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Minds, machines, and monsters

A chess-player is not simply one who plays chess just as a chess piece is not simply a wooden block. Shaped by expectations and imaginations, the figure occupies the centre of a web of a thousand radiations where logic meets dream, and reason meets play. This book aspires to a novel reading of the figure as both a flickering beacon of reason and a sign of monstrosity. It is underpinned by the idea that the chess-player is a pluralistic subject used to articulate a number of anxieties pertaining to themes of mind, machine, and monster. The history of the cultural chess-player is a spectacle, a collision of tradition and recycling, which rejects the idea of the statuesque chess-player. The book considers three lives of the chess-player. The first as sinner (concerning behavioural and locational contexts), as a melancholic (concerning mind-bending and affective contexts), and as animal (concerning cognitive aspects and the idea of human-ness) from the medieval to the early-modern within non-fiction. The book then considers the role of the chess-player in detective fiction from Edgar Allan Poe to Raymond Chandler, contrasting the perceived relative intellectual reputation and social utility of the chess-player and the literary detective. IBM's late-twentieth-century supercomputer Deep Blue, Wolfgang von Kempelen's 1769 Automaton Chess-Player and Garry Kasparov's 1997 defeat are then examined. The book examines portrayals of the chess-player within comic-books of the mid-twentieth century, considering themes of monstrous bodies, masculinities, and moralities. It focuses on the concepts of the child prodigy, superhero, and transhuman.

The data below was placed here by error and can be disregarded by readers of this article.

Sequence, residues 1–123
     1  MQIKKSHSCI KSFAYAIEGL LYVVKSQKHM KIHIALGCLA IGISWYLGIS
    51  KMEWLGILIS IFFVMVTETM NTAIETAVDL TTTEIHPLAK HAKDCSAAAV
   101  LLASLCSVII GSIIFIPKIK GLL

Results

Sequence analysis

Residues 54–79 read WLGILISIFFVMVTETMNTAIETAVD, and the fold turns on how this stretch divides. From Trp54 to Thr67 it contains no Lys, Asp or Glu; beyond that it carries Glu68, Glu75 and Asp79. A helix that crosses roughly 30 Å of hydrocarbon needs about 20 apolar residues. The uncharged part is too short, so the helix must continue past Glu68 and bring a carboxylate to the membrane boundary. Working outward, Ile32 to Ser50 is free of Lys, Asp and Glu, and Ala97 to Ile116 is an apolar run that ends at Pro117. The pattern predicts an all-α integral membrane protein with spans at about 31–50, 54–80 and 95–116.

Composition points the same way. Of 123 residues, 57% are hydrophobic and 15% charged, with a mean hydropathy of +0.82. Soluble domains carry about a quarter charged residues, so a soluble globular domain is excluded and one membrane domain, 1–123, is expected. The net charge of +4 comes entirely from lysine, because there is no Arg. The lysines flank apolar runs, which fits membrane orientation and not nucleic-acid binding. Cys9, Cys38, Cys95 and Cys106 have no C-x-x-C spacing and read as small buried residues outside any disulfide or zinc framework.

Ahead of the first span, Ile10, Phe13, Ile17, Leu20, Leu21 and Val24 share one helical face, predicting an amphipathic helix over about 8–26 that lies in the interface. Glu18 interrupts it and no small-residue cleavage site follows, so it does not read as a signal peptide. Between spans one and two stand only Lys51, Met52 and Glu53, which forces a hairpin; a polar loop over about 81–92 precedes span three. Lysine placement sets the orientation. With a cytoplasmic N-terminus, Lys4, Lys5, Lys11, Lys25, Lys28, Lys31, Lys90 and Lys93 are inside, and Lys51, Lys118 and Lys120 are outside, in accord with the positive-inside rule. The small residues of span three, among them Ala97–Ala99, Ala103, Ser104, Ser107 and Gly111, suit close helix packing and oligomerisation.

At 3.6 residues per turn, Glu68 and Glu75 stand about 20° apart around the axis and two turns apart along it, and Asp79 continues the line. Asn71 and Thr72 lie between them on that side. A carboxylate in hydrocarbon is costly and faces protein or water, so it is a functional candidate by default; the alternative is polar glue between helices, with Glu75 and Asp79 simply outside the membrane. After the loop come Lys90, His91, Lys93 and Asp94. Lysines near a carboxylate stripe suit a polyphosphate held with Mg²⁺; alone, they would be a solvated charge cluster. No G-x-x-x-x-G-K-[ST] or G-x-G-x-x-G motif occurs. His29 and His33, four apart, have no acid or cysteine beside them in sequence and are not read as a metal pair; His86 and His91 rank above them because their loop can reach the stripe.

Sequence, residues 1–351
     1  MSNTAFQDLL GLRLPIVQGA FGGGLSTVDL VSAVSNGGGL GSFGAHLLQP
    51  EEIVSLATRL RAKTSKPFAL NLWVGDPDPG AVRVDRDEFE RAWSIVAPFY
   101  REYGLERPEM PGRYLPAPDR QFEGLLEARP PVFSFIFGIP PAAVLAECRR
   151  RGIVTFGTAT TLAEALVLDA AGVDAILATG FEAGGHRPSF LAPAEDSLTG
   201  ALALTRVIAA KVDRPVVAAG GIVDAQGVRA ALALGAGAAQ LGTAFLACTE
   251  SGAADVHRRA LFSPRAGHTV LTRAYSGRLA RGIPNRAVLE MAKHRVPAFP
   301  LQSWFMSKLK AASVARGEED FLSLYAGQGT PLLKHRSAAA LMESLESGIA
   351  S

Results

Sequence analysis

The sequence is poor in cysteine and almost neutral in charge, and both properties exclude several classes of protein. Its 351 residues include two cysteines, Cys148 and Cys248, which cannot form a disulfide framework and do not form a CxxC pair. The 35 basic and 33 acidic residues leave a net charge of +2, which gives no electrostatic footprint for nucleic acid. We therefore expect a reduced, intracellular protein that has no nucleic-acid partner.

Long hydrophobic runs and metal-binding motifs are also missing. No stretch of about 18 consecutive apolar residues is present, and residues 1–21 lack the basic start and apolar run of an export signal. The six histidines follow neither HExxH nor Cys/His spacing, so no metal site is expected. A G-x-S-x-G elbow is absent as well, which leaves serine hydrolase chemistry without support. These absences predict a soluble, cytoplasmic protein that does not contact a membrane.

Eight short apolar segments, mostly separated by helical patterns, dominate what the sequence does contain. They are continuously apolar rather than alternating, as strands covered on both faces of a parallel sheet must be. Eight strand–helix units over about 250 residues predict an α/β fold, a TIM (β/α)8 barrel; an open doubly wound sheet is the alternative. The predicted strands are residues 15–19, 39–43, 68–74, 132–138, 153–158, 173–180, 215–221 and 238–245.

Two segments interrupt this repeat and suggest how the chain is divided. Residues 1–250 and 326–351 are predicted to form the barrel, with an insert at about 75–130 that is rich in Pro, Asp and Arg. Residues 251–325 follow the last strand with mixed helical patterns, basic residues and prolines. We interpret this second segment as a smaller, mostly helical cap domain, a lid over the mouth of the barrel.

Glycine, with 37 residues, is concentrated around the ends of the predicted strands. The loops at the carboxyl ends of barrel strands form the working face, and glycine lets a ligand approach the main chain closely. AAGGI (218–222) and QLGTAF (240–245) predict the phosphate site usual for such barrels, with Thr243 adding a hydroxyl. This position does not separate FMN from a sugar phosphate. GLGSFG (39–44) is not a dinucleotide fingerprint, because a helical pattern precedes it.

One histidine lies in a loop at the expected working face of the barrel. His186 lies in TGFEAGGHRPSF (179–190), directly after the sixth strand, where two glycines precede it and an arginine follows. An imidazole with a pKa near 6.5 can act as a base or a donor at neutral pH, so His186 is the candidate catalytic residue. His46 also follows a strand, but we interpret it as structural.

Jean-François Caron

moral problems associated with such technologies; these are fundamental problems and have been discussed only superficially in previous studies (Krishman, 2015 ; Pugliese, 2015 ). Permanent capacity-increasing technologies are a constituent element of transhumanism, a movement aiming to transform the human condition by increasing its physical and psychological capacities. This global trend, which

in A theory of the super soldier
Yolande Jansen
Jasmijn Leeuwenkamp
, and
Leire Urricelqui

The latter version of posthumanism, also called ‘transhumanism’, expresses an enthusiasm for science and technology, often in tandem with capitalism, that is on a tense footing with the more critical strand of posthumanism. The ‘posthuman’ thus inspires quite divergent discourses, in terms of either crisis or progress, that are not easily combinable. Critical posthumanism, transhumanism, extropianism, new materialism, technoscience studies and animal studies are examples of these multiple and contrasting fields and

in Post-everything
Maria K. Bachman
Paul C. Peterson

our focus is twofold: we consider ( pace Hutcheon) Hammer Films’ The Revenge of Frankenstein as a ‘successful’ replication of Shelley’s source text and its immediate filmic predecessor, The Curse of Frankenstein , while also exploring the ways in which Revenge propagates the post-Darwinian discourse of the 1950s. Revenge , we argue, is unequivocally and obsessively about Dr Frankenstein, the man of science, the bold and brash technocrat, the fierce advocate of transhumanism. In 1957 England’s Hammer Films released The Curse of

in Adapting Frankenstein
American monsters
John Sharples

had, for talk-show host Dick Cavett, nothing in common with Vladimir Nabokov’s descriptions of ‘genderless piano prodigies with eye trouble, obscure ailments … something vaguely misshapen about their eunuchoid hindquarters’.62 Yet this deformity is precisely what Darrach saw. In a 1971 article he had already portrayed Fischer as somebody with ‘a head too small for his big body’ like a ‘a pale transhuman sculpture by Henry Moore’, and as an outsider, whose ‘information was factual, not emotional. It came from books, magazines, newspapers, television – the media he